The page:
I assume that if Trump wins the Republican nomination to go into the general election, you’ll start to see large boycotts of his enterprises. Or whatever there is left of his enterprises. I mean, the man is basically on his last legs, and I think this is why he did this. There is this old adage … it’s horrible, and I’m a moral vegan because I love animals (which is why I don’t eat them), so I cringe a little when I speak about this … but there is this old adage that, if you put a frog in a pot of water and slowly heat it up, the frog just stays in the water. It doesn’t jump out, and will eventually die once the water comes to a boil. But if you drop a frog into boiling water, the frog immediately jumps out.

That adage applies to two things -- one, being global warming. As we are starting to see this slow shift, we just adjust ourselves as humans to our surroundings. But it also applies to the cultural changes (for the better or the worse), we just need to stay the course and stand up to giant orange bullies with small hands. <all laugh>

Sonic Cathedral:  I suppose Napalm Records is gonna kill me, if we don’t start talking about Generation Doom, eh?

Otep:  Oh right, that part, yes. <laughs> All of this pertains to the record, so you’re safe! All of these emotions, my perspectives, and all of those observations are all on the album. And that’s why I called it Generation Doom.

 OTEP Interview

Sonic Cathedral:  On balance, the album is rather furious. But honestly, the two tracks that hurt me most are also the quietest -- “In Cold Blood” and “On The Shore”.

Otep:  Thank you.

Sonic Cathedral:  They feel like lemon juice is being squeezed into a deep cut. They ache and burn … ouch! What is behind those?

Otep:  To understand that particular thing, prior to that, I had been in particular place when I said that Hydra was going to be my last album, and I really meant it at the time. I had gotten to a place in my life where I felt like music had been robbed from me by the suits, by the executives, by these corporate guys who wanted to shove me into a genre and to ignore the message. For me, it was never about the genre, and it still isn’t. It’s always about the message. I started out as a poet, and words matter. That is all that matters -- the emotional medium that I use is just a way of communicating it.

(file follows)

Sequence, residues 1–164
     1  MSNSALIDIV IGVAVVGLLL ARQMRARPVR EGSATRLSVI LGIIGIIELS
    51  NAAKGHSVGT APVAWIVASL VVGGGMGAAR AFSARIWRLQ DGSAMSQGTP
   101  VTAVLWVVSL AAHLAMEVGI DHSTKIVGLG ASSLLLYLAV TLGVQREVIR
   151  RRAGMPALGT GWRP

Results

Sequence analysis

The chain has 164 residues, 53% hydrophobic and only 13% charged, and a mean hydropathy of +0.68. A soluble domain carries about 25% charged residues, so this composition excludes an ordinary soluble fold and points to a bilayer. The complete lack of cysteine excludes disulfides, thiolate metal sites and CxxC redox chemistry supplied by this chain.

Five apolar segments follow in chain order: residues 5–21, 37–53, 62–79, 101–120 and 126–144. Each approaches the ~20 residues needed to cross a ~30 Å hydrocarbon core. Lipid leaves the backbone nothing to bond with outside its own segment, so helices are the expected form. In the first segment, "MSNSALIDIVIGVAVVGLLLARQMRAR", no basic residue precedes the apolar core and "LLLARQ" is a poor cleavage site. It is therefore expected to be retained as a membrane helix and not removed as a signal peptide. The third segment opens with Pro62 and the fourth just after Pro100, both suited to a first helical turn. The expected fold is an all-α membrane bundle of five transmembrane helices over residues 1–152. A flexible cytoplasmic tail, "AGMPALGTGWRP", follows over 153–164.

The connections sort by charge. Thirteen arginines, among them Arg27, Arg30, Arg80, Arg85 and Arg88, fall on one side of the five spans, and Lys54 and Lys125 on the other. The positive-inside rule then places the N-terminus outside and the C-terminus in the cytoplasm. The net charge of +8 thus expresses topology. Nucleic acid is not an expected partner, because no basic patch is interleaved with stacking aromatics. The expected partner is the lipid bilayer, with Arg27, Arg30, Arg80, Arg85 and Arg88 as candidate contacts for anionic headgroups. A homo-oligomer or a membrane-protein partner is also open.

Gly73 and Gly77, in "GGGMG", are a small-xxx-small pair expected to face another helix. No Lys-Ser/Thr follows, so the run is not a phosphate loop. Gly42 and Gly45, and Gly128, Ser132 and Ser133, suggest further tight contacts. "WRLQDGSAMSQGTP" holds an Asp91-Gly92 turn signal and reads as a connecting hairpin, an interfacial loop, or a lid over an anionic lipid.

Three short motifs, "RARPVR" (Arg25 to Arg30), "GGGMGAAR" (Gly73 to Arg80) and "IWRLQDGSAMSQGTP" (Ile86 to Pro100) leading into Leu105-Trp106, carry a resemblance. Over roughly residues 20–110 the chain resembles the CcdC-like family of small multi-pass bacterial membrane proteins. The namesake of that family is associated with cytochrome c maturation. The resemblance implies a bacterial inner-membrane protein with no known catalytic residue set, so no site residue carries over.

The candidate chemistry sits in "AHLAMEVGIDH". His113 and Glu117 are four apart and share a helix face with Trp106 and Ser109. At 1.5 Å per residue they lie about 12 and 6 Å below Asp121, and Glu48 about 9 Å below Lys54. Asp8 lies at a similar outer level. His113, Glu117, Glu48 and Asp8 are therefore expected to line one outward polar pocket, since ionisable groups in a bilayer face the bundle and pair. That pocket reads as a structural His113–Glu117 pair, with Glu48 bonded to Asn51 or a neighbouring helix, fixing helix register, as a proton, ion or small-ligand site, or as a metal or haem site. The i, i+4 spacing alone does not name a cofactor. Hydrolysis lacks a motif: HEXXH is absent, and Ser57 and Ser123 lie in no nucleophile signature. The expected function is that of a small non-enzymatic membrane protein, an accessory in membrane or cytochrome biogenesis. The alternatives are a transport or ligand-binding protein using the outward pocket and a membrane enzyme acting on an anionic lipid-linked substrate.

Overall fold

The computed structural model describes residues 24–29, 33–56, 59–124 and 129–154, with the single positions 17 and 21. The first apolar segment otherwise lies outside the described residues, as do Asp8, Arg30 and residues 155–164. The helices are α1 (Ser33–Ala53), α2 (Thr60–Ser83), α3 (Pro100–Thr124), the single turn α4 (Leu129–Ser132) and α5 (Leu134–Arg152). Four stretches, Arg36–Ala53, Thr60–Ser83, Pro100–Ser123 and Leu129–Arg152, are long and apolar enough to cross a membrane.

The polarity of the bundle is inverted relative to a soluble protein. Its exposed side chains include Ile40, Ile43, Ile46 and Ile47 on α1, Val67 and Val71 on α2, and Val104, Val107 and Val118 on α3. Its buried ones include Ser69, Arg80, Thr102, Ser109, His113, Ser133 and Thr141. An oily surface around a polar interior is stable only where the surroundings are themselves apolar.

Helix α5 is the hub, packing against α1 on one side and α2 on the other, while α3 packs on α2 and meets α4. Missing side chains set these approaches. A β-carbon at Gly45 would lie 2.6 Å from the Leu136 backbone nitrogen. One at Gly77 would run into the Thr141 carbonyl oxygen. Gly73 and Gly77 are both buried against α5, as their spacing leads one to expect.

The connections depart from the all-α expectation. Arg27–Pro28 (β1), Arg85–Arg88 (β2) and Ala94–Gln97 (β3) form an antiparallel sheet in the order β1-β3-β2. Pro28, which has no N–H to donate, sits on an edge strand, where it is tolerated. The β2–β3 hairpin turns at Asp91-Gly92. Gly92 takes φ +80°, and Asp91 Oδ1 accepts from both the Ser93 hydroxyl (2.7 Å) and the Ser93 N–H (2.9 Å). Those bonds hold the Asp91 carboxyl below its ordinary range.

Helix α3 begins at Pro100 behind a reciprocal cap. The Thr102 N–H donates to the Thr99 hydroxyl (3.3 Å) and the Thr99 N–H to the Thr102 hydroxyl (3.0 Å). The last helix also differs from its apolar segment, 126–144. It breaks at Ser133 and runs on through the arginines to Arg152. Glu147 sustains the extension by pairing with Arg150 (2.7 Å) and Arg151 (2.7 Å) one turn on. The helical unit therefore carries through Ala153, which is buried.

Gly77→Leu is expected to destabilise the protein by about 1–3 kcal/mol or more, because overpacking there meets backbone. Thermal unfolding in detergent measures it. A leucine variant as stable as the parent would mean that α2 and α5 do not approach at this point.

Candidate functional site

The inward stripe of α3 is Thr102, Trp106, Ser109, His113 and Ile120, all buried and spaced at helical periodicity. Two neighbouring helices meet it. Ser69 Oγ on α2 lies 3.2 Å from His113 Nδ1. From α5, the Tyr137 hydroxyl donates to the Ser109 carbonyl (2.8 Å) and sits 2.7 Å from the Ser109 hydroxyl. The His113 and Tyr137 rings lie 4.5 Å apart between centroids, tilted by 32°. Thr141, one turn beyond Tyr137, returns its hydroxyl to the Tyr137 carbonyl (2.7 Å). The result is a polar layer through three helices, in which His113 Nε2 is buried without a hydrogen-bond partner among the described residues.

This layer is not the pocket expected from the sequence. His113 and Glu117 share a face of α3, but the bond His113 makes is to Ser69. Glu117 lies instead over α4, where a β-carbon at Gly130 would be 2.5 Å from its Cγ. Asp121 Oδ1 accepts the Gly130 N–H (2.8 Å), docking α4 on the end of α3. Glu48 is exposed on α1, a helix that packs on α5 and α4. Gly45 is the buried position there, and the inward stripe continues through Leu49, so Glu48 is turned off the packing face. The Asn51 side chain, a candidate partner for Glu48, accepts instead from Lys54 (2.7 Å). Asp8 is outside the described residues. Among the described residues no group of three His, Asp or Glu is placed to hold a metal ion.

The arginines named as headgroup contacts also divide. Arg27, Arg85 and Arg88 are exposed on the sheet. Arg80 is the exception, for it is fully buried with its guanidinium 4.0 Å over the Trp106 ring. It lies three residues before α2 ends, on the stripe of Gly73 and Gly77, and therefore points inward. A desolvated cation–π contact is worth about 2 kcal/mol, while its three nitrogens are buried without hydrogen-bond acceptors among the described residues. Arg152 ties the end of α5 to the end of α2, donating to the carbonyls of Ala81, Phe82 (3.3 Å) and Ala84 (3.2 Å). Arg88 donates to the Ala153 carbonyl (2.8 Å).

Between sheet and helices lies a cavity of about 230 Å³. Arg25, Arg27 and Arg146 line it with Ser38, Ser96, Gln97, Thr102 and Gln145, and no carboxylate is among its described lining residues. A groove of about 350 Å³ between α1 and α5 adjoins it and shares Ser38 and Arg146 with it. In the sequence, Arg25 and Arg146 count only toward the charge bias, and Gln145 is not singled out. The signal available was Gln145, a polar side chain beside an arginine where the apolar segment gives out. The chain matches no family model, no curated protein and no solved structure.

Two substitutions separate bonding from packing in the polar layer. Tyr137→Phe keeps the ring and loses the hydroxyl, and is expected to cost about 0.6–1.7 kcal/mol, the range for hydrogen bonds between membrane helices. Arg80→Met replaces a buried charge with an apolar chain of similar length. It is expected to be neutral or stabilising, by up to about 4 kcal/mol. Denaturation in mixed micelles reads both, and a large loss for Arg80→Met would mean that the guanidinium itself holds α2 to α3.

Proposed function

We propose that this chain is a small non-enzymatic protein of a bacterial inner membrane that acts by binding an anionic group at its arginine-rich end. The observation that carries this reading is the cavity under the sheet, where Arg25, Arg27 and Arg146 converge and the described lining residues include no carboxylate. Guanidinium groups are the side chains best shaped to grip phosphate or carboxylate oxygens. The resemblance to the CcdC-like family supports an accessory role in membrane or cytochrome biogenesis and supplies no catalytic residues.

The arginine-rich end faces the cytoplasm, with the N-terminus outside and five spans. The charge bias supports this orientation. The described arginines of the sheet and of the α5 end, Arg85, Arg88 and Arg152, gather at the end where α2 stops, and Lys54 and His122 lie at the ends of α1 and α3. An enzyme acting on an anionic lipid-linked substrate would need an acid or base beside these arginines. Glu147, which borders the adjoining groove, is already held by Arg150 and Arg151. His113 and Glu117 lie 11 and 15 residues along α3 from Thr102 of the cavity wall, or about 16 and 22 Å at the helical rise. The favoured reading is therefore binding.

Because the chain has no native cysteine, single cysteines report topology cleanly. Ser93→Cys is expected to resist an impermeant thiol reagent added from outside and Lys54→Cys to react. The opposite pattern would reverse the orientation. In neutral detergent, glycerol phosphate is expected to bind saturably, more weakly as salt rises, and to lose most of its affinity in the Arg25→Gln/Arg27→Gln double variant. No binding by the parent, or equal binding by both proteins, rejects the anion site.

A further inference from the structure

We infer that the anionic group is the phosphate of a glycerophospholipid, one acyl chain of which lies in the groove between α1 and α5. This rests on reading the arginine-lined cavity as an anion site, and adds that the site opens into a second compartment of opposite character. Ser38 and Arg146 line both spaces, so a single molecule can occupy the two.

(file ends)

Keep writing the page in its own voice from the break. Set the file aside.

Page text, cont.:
I kind of lost the spirit of music for a while, so I went off and did voice-over work in film and TV and video games. I did the last Hobbit movie (The Hobbit: The Battle of the Five Armies); the PlayStation game, The Last of Us; and I wrote a book of short stories called, Movies In My Head. I also toured, and we just did it as an unsigned band. It felt like things were before the first record, where there was this magical thing that was just starting to happen. In time, I was starting to feel carbonated again and effervescent. The spirit of music was returning to me again, and I was starting to write poetry. It felt like a return to my natural self, my authentic self.

I went through a really devastating break-up. I had never been loved by someone like that before, and I had never loved someone like that before. <softly> She was my best friend, my confidant, my lover, my companion … and suddenly, it’s over. She was gone, and I was gone, and it was very painful for both of us. I was devastated, and I didn’t know what to do with that pain.

In the beginning, it was just overwhelming. And then, I guess it was just fortunate for my soul that I’d rediscovered the spirit of music. Because I wrote a poem, and part of that poem was the chorus for “In Cold Blood”: “Something’s wrong with me for thinking something’s right with you. Now my thoughts float like moths over a fading flame.” When I went back and reread it sometime later, I felt a melody in there, and that’s when that song was birthed. It was really difficult to expose something so private.

After being guarded for so long, to go back to a very vulnerable place on an album, it was really, really difficult for me to do that. But I felt like I needed to get it out of me so that the pain didn’t inhabit me. That’s what art is for … art SAVES. But also, I was hoping that somehow, in that darkness, there would be beacons that would find me and that would tell me: “I’ve been through it too. You’re gonna be okay.” Sure enough, fans heard it, and that’s what they told me. So, that was very rewarding.

“On The Shore” came from a similar place of loss. Right around the time I was revisiting those lyrics for “In Cold Blood”, I saw the newscast about that little Syrian refugee boy who drowned and was found on the shore. It hit me really hard because, here was a father desperately trying to escape war. It was a war that he had no business in, that he didn’t want, and that he wanted to get away from, so he was taking his son to safety. He was taking his son across the water to get away from all that evil, to hopefully give him a better life … but the boat capsizes. It is pitch-black, it’s cold, it’s freezing. As a father … well, you know, I don’t have children … but I do have dogs, and they’re my children. And I have godchildren.

Sonic Cathedral:  Amen to that!

Otep:  I’ve lost a dog. She was my baby, and I lost her to cancer. She died the day of her surgery, and I just remember feeling so devastated by that. She was in so much PAIN, and I tried so hard to comfort her and to make her feel safe, like: “I am here; I’m going to make you okay. No matter what, hon, I’ve got you. I’ve got you.”